Attractively Valued Energy Companies with Financial Flexibility

Portfolio Manager Ben Cook, CFA discusses his thoughts on production and demand for the primary fuel mix, a continuation of buybacks and dividends in the Energy sector, and where the Fund is finding opportunity.

April 2023
  • Ben Cook
    Ben Cook, CFA
    Portfolio Manager
  • L. Joshua Wein, CAIA
    L. Joshua Wein, CAIA
    Portfolio Manager

Would you please discuss the expected growth in U.S. energy production and demand?  

2022 was a significant year as a rebound in global energy demand post-pandemic combined with disruption in Russian energy supplies triggered volatility in energy pricing and ultimately a meaningful supply response particularly from the U.S. While we anticipate energy market volatility to subside during 2023, demand for energy should continue to expand on growing global GDP which is anticipated to rise by 2%. In this environment, we see global crude oil demand rising approximately 2% while natural gas demand should rise by approximately 3%. 

Looking ahead, the long-term production growth rates of the primary fuel mix will vary. Renewables are expected to be the fastest growing category, annually compounding at 7-8% per year through end of this decade. Natural gas production is expected to rise 2-3% on an annual basis, crude oil production and nuclear power should be flat, while coal is expected to decline 3% per year. 

Notably, the U.S. should see significant growth in liquefied natural gas (LNG) export capacity by 2030. The U.S. began exporting LNG in 2016, and by 2022, the U.S. had an export capacity of 13 billion cubic feet per day (Bcf/d). By the end of the decade, it could nearly double to 20 Bcf/d.

What are the expectations for buybacks and share repurchases in the Energy sector?

During 2022, there were numerous buyback and share repurchase announcements and 2023 appears to be a continuation of this shareholder friendly capital allocation trend.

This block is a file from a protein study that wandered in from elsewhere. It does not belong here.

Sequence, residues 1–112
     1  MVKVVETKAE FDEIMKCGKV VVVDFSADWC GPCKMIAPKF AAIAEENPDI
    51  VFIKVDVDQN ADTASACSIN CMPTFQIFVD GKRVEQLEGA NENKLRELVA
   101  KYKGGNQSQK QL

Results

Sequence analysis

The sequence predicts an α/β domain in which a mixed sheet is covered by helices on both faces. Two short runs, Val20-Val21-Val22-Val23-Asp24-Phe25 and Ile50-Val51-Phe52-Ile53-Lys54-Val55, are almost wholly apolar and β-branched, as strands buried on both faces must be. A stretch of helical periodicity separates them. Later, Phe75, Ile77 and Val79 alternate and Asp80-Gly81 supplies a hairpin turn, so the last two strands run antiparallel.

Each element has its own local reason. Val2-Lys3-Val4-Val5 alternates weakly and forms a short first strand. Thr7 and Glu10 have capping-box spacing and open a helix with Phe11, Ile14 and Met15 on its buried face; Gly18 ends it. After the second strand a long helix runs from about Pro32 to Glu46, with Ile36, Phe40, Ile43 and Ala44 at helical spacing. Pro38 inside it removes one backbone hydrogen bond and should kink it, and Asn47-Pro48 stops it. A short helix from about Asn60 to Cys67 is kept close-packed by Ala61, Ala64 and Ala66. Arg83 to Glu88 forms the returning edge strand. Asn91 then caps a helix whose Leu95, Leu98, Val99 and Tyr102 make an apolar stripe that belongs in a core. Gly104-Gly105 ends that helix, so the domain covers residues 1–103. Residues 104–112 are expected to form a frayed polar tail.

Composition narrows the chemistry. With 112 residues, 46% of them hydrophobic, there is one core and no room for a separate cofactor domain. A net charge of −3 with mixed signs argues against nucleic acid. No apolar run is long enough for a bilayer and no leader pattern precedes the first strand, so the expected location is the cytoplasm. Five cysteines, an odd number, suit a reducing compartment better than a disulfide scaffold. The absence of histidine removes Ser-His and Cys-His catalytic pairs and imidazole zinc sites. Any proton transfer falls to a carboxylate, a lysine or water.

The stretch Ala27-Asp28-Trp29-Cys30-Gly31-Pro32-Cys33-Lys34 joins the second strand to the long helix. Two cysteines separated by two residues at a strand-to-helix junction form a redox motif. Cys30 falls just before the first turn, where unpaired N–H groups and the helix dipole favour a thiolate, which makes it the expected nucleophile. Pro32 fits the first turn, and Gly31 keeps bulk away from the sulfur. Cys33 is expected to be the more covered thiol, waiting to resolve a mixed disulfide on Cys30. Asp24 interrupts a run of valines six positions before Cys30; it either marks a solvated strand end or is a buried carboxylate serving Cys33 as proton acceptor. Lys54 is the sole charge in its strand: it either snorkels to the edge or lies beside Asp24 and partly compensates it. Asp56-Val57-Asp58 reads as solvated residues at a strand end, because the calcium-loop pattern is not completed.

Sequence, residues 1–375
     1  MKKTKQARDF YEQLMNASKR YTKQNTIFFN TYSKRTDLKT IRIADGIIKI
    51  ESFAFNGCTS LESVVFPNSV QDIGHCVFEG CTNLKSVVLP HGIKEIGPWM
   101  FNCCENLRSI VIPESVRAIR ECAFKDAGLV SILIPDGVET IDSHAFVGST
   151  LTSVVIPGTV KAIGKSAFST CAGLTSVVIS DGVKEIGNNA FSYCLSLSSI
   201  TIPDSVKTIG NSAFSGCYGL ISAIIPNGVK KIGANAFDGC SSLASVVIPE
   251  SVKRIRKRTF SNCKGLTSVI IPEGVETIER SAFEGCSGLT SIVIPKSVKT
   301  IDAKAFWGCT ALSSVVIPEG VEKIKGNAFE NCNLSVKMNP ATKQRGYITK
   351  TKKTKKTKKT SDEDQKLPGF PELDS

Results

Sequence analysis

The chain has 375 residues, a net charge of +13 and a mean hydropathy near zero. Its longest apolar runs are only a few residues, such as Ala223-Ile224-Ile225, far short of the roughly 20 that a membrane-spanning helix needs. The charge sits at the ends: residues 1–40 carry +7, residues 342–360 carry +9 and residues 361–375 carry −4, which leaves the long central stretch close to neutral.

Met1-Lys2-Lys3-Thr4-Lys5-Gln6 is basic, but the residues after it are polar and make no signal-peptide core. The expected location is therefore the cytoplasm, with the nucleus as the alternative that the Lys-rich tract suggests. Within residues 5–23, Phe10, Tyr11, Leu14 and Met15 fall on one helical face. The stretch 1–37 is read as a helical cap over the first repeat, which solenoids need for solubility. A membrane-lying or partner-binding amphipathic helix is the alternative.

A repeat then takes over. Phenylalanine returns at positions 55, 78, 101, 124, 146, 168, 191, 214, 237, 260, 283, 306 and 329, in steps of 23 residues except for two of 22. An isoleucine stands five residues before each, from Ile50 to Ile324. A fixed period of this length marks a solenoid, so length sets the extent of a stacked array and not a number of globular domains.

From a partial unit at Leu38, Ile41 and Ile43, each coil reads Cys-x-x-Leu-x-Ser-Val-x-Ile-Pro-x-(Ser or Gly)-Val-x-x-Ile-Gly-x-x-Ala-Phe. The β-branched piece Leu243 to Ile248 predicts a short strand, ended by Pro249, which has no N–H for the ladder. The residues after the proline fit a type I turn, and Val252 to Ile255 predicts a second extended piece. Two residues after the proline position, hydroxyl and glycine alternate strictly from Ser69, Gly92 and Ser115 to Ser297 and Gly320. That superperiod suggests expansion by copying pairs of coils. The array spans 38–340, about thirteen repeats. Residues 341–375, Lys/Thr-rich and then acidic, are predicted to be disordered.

Buybacks and dividends were significant: As a percentage of market capitalization since the beginning of 2022, the North American large-cap integrated group’s buybacks and dividends averaged 10% over the year. In 2023, the same set of companies could return 6-8% of market capitalization in dividends and share repurchases. 

While lower than 2022, the figure is based on the expectation that these companies will experience reduced cash flow because of lower commodity prices. For example, in 2022, the price of a barrel of Brent crude oil averaged nearly $100; the market is expecting Brent crude oil to average $83/barrel in 2023, a 20% decline in price. 

With the flexibility to invest across the energy spectrum where are you finding opportunities?

We believe the Upstream subsector, and more specifically the Oilfield Services (OFS) subsector represents one of the more attractive areas across the traditional hydrocarbon energy value chain. Fundamentals for many of these oil service companies have continued to improve amidst the strength in commodity prices and rising sector activity levels over the last several years.  

While the natural gas market has softened with this year’s warmer winter weather, oil and natural gas demand should remain strong given the Eurozone’s need to make up for the loss in Russian natural gas volumes. Amidst the tightness in oilfield service equipment and labor supply, we see continued OFS company pricing power which should afford subsector companies with the ability to generate improving operating and financial results in the coming quarters. 

Accordingly, with an opportunistic approach to invest across the entire energy “value chain” seeking the best balance of reward and risk, the Fund has increased its allocation to Oilfield Services companies. As of 12/31/22, nearly 25% of the Fund was allocated to companies in Oilfield Services—the highest in the Fund’s history.

Would you please discuss current valuations following a strong 2022 for the Energy sector? 

The Energy sector currently looks attractively priced on a free cash yield basis, which considers cash availability beyond capital expenditures and dividends. U.S. major companies are expected to generate a free cash yield in the high single digit percentage range; and U.S. exploration and production companies are expected to generate a free cash yield of approximately 10%. 

Further, sector free cash yields compare favorably to the broader market. As of 12/31/22, the free cash yield of the S&P 500 Energy Index on 2023 estimated free cash levels was approximately 8.7%, while the free cash yield of the S&P 500 Index on estimated 2023 free cash levels was approximately 4.2%. 

Current valuations for Energy stocks also screen attractively when viewed in the context of their own historical valuation range. As of 12/31/22, the S&P 500 Energy Index traded at approximately 5.6x on an Enterprise value to estimated forward 12 month EBTIDA basis, well below the historical 10 year average of approximately 7.8x estimated forward 12 months EBITDA.